“We evaluate a ton of managers here. I can’t even tell you how many,” she says. “We have a pretty disciplined process that we developed, which allows us to look at those managers and break down their beta and their alpha. So we’re able to take any manager with any underlying market exposure and restructure them using derivatives. I think this gives us more managers we can select from.”

She explains that the process doesn’t discriminate against very small emerging managers. Any manager meeting the criteria would be engaged in the foundation’s portfolio—something that Manske says is only feasible with a smaller fund such as MacArthur’s.

But even for someone as passionate as Manske, institutional investing has its ups and downs.

“Oh, 2008 wasn’t a whole lot of fun,” she admits.

The foundation took a substantial hit, along with all of its peers, during the financial crisis. Overall foundation assets dropped by 21.9%, according to a 2009 survey by the Foundation Center. MacArthur saw a loss of 26.97% of assets, or $2 billion, while still paying out $253 million in grants.

Despite such drawdowns, MacArthur rebounded more strongly than might have been expected. In 2009, Manske and her team managed to achieve gains of 12.3%, and even kept the fund afloat during the shaky financial environment of 2011. Its peers, including the Bill & Melinda Gates Foundation and the Robert Wood Johnson Foundation, were not so lucky, and experienced negative returns for the 2011 fiscal year.

“Most foundations are a closed system,” she explains. “Most of us don’t take contributions. So when the market is down, we’re down. Then we’re giving away money, and so now we’re down a lot. The lesson we learned was that it takes a while to grow back organically, particularly while giving away 5% in grants per year.”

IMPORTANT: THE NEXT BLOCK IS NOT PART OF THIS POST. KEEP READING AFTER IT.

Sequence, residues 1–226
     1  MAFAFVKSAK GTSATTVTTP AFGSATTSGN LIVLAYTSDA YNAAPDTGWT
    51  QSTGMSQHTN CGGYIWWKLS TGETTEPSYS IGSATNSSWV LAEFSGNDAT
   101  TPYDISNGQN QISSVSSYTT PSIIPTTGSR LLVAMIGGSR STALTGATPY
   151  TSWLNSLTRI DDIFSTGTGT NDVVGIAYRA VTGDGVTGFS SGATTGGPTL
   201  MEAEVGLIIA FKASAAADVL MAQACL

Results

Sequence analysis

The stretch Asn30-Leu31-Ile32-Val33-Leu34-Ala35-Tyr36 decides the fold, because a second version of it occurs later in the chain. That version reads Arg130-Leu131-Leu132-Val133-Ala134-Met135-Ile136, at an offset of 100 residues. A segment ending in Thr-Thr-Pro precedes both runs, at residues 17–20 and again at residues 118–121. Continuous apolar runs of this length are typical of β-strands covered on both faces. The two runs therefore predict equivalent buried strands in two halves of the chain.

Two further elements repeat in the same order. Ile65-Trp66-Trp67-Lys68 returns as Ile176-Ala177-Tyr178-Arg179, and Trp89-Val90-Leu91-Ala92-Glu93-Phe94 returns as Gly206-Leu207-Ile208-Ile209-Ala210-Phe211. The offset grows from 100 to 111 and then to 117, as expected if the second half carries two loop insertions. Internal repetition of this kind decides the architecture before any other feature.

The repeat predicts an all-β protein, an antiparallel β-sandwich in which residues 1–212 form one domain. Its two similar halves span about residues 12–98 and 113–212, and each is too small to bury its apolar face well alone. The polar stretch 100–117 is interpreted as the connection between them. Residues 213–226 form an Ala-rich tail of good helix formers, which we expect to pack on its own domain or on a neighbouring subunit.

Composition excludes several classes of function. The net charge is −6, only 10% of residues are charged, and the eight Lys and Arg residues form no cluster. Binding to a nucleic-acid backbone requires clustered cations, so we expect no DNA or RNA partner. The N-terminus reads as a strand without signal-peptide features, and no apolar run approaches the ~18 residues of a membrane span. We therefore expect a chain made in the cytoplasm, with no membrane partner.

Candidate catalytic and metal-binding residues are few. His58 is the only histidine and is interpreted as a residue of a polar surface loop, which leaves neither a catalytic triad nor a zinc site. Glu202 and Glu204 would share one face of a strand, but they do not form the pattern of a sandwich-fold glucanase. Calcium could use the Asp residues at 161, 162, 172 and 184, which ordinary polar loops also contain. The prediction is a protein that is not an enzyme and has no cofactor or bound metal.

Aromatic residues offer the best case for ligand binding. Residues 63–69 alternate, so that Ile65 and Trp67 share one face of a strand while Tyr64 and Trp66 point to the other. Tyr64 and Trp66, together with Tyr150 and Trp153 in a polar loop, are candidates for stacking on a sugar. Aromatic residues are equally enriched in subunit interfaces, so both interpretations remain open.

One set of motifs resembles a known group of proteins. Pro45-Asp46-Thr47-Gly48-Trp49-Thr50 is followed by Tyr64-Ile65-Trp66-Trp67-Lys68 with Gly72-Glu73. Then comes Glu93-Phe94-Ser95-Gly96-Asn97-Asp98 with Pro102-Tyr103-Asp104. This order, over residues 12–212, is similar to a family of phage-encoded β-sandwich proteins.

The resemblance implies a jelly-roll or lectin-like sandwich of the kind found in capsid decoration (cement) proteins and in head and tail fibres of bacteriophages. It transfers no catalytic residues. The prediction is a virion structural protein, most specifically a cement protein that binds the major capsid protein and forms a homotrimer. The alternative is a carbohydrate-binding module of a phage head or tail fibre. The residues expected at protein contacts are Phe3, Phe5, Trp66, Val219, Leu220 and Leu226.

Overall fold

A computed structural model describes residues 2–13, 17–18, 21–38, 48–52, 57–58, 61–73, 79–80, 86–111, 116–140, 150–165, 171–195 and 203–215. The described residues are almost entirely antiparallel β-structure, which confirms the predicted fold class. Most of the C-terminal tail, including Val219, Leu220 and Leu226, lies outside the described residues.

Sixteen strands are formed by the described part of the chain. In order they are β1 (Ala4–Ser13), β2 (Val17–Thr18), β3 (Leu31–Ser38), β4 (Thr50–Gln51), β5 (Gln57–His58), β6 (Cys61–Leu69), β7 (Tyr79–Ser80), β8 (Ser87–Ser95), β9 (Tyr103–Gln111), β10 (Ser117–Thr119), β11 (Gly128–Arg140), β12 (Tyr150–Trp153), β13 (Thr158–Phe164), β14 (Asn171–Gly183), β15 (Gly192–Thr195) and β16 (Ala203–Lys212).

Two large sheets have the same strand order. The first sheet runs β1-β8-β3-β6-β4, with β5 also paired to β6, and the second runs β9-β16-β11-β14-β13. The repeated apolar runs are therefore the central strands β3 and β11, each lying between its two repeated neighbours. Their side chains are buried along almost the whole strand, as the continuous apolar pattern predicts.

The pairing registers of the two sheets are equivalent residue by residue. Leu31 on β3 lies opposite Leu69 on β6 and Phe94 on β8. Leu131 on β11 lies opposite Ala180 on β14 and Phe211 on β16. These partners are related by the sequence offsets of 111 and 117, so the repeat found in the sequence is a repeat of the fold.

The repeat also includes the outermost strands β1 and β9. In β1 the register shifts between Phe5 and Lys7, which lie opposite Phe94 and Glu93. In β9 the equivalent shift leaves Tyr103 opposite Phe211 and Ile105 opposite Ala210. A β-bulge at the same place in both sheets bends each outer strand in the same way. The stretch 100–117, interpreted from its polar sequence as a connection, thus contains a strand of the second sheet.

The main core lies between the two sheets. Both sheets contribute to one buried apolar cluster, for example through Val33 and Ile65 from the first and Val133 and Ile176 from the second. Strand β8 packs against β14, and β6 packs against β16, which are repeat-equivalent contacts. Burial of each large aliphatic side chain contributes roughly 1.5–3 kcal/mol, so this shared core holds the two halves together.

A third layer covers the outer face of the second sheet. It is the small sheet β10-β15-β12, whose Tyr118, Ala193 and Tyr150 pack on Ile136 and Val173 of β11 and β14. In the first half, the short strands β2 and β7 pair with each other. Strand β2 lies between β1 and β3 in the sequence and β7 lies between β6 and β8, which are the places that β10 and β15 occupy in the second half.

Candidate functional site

Despite difficulties, Manske and her team have managed to put the foundation back to where it was pre-2008.

“We re-evaluated a lot of what we did in terms of risk and how we thought about it,” she says. “We’ve set up a whole different risk approach and we now have tremendous communication with our investment committee. I think we operate much more efficiently than we did before 2008.”

 

So what is ahead for the foundation? Manske says getting better at what the investment team already does is crucial. The key is to maximize returns within the risk constraints put forth by the investment committee and to select the best managers. Growth, she says, will come from making the right choices with the opportunities created in the market.

In today’s environment, Manske finds the most interesting opportunities with emerging markets. While the cyclical decline in interest rates with central banks and the recent emerging market meltdowns have caused some trouble, she says there will be more interesting options arising from these issues over the next year.

“We’ve worked on some European credit strategies and looked at private managers in real estate and private equity. But I really do think the best opportunities are going to be in select emerging markets for the intermediate term,” she says.

Manske does her due diligence when it comes to future investment prospects for the foundation. She recently traveled to China, Russia, Brazil, and India to scope out potential opportunities.

Her salary reflects the work she puts in—a portion of her pay is linked to the performance of the foundation’s investment portfolio. According to Charles Skorina & Company’s ranking of the top 50 US CIO compensation packages, Manske’s total pay in 2011 was $1.4 million, putting her 12th on the list.

However, regardless of her stature in the investment world, Manske says she still has a plenty to understand. “There’s continual learning,” she says. “Everyday is different. Whether it is Lehman crashing or Larry Summers declining to be considered for chairman of the Federal Reserve, there’s always something that’s different in my job.”

And part of that learning contributes to how the MacArthur Foundation distinguishes itself from its peers. “We’ve set up a good, visible process that we use for our manager evaluation and our oversight,” she says. “There are many ways to win in this business, many ways to make money. We just think that this gives us a more efficient portfolio that makes us a little bit different.” —SU